The University of Montana campus

The University of Montana campus in Missoula is pictured in this file photo.

As the University of Montana drives a cost-saving restructure and responds to leadership turnover, changes to some academic dean positions may be in the offing.

Deans are academic leaders who oversee colleges and schools with groups of faculty in similar disciplines. They earn some of the highest salaries at the flagship outside top executives in Main Hall.

At the high end, the dean of the College of Business is paid $250,000 and at the bottom, the interim dean of the Phyllis J. Washington College of Education and Human Sciences earns $110,000, according to Human Resource Services.

As UM undergoes a reorganization, Provost Jon Harbor said it aims to be agile and won't exclude deans from its examination of the best structure to serve students.

In a proposal last semester, UM President Seth Bodnar recommended changes to the School of Journalism and coordination between the School of Extended and Lifelong Learning and Missoula College, all units with deans.

Other dean changes will come as the result of academic leaders moving into other roles.

The restructure will include faculty cuts and save $5 million of the $10 million gap between revenue and expenses. The provost said discussions are underway in response to reorganization recommendations, but no decisions have been made.


Dean Larry Abramson leads the School of Journalism and did not respond last week to requests for comment. However, two other deans said talks are taking place about how the School of Journalism might be placed elsewhere in UM's academic structure, although discussions are still in early stages.

The president's proposal recommended integrating journalism with communication studies in the English Department, both part of the College of Humanities and Sciences. In an email, interim Dean Jenny McNulty said faculty from communications and journalism are discussing how they might collaborate.

"At this point these discussions are very preliminary. Moving forward we will look at plans that make sense for pedagogical and scholarly reasons," McNulty said.

At the same time, Dean Stephen Kalm said talks are also taking place — and again in early stages — about placing journalism with the College of Visual and Performing Arts. In particular, he said journalism and media arts share storytelling characteristics.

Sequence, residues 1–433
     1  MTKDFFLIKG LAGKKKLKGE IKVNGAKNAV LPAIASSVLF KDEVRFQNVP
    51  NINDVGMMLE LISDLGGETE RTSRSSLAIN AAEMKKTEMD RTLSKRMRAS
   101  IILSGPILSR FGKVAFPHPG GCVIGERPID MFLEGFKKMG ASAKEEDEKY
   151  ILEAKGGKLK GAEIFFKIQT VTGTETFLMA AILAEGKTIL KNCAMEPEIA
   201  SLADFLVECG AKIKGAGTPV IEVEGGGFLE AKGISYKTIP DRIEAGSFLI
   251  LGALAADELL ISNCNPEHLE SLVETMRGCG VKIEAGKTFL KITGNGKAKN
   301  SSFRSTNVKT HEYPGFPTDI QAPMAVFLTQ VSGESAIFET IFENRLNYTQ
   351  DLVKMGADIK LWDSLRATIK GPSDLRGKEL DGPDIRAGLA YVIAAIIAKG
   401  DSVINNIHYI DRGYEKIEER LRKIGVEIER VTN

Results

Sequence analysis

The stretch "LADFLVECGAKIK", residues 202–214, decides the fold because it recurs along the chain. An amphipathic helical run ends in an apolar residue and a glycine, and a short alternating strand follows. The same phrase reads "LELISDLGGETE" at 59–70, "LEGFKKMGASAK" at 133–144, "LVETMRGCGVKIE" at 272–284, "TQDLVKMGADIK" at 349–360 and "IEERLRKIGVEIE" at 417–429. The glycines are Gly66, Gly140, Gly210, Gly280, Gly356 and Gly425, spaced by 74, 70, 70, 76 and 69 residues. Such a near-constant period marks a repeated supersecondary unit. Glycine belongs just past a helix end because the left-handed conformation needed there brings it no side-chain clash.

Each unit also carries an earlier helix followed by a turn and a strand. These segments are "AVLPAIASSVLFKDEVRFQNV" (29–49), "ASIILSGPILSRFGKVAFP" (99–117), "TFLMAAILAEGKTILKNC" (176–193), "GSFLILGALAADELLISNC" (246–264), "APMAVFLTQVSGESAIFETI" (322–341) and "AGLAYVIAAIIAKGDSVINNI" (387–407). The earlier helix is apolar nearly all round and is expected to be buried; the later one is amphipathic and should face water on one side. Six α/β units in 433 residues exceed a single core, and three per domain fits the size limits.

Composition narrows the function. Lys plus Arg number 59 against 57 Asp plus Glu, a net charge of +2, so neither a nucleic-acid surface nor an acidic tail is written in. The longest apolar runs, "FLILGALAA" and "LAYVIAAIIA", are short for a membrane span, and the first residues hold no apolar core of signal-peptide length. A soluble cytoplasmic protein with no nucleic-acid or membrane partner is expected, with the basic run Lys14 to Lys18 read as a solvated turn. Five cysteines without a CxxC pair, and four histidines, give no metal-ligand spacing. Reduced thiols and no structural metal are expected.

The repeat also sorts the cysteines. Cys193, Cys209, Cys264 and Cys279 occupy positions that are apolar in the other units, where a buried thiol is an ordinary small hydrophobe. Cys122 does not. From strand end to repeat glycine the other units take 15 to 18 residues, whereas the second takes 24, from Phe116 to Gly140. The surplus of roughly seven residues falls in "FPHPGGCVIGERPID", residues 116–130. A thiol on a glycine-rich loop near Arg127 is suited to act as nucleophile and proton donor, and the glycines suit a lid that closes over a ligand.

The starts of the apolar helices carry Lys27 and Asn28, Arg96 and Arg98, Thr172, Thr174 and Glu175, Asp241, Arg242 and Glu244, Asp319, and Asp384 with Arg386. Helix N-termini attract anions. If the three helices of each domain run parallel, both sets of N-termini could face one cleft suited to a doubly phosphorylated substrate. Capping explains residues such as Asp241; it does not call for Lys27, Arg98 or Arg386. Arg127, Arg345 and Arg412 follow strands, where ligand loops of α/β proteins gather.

"We're involved a lot with the issues of the day and with truth. We just do it a little differently," Kalm said.

School of Journalism faculty teach students who consistently win top awards, and Harbor said he'll evaluate any proposal that respects that tradition of excellence. He also said he wants to know that plans excite faculty.

"We have a fantastic School of Journalism, and I want to maintain its strength and identity," Harbor said.

Nationally, he said many different models exist for the dean of a school under another umbrella. For instance, he said deans report to other deans in some cases, and in other cases, schools are led instead by chairs, or rotating administrative appointments. 

The provost said deans provide immediate and high-quality service to students, but they're also a part of how the campus works across disciplines in interesting ways.

"Deans are a critically important aspect of the way in which academia runs itself," Harbor said.


Last year, the dean of Missoula College took a buyout, and Dean Roger Maclean of the School of Extended and Lifelong Learning is also serving as interim dean of Missoula College.

Maclean could not be reached last week for comment, but the provost said it makes sense to discuss whether the current setup should become permanent. He said appropriate workload would be part of the conversation.

"It certainly makes sense to look at coordination and collaboration between SELL and Missoula College," Harbor said.

Earlier this year, Brock Tessman left his post as dean of the Davidson Honors College for a position with the Montana Office of the Commissioner of Higher Education. UM appointed an interim director instead of an interim dean, but Harbor said the campus will certainly recruit for a dean because a thriving Honors College is critical for the flagship.

"Nationally, these are very important positions. They are focusing on the needs and opportunities of honors studies," Harbor said.

A dean of libraries leads the Maureen and Mike Mansfield Library, and the library at UM has been a model in using technology to support faculty and students.

Last year, however, a report from the library noted the unit had lost 30 percent of its workforce since the 2016 fiscal year. Although the staff numbers are smaller, the provost said a dean for the library remains important for an institution focused on research and scholarship.

"We are so heavily dependent upon data, knowledge, literature, how it's created, how it's managed, how it's used," Harbor said. "So library faculty, they're not putting books on shelves."

Rather, he said library faculty have deep knowledge of data sources, and they are helping students understand them and directly supporting the rest of the research enterprise.

Last week, the provost said he didn't anticipate changes to dean positions in addition to ones noted in earlier recommendations. Those academic leaders not only enable the success of students, he said, they serve the community, state and alumni.

"It is an important role, and we really appreciate the amazing contribution of our deans," Harbor said.

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